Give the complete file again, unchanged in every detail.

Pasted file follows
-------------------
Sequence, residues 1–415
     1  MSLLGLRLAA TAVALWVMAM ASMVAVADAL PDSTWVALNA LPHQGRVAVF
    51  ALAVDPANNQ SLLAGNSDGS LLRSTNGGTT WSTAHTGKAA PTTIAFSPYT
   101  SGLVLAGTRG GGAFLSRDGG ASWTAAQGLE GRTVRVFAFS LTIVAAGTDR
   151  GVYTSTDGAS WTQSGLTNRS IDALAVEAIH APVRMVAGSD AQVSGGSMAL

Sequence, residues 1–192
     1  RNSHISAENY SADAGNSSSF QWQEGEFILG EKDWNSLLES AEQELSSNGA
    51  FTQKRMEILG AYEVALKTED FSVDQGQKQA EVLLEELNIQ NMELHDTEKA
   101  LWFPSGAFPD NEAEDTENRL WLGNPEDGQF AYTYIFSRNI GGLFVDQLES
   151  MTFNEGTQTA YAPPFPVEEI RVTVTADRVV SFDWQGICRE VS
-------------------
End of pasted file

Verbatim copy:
Sequence, residues 1–415
     1  MSLLGLRLAA TAVALWVMAM ASMVAVADAL PDSTWVALNA LPHQGRVAVF
    51  ALAVDPANNQ SLLAGNSDGS LLRSTNGGTT WSTAHTGKAA PTTIAFSPYT
   101  SGLVLAGTRG GGAFLSRDGG ASWTAAQGLE GRTVRVFAFS LTIVAAGTDR
   151  GVYTSTDGAS WTQSGLTNRS IDALAVEAIH APVRMVAGSD AQVSGGSMAL

Sequence, residues 1–192
     1  RNSHISAENY SADAGNSSSF QWQEGEFILG EKDWNSLLES AEQELSSNGA
    51  FTQKRMEILG AYEVALKTED FSVDQGQKQA EVLLEELNIQ NMELHDTEKA
   101  LWFPSGAFPD NEAEDTENRL WLGNPEDGQF AYTYIFSRNI GGLFVDQLES
   151  MTFNEGTQTA YAPPFPVEEI RVTVTADRVV SFDWQGICRE VS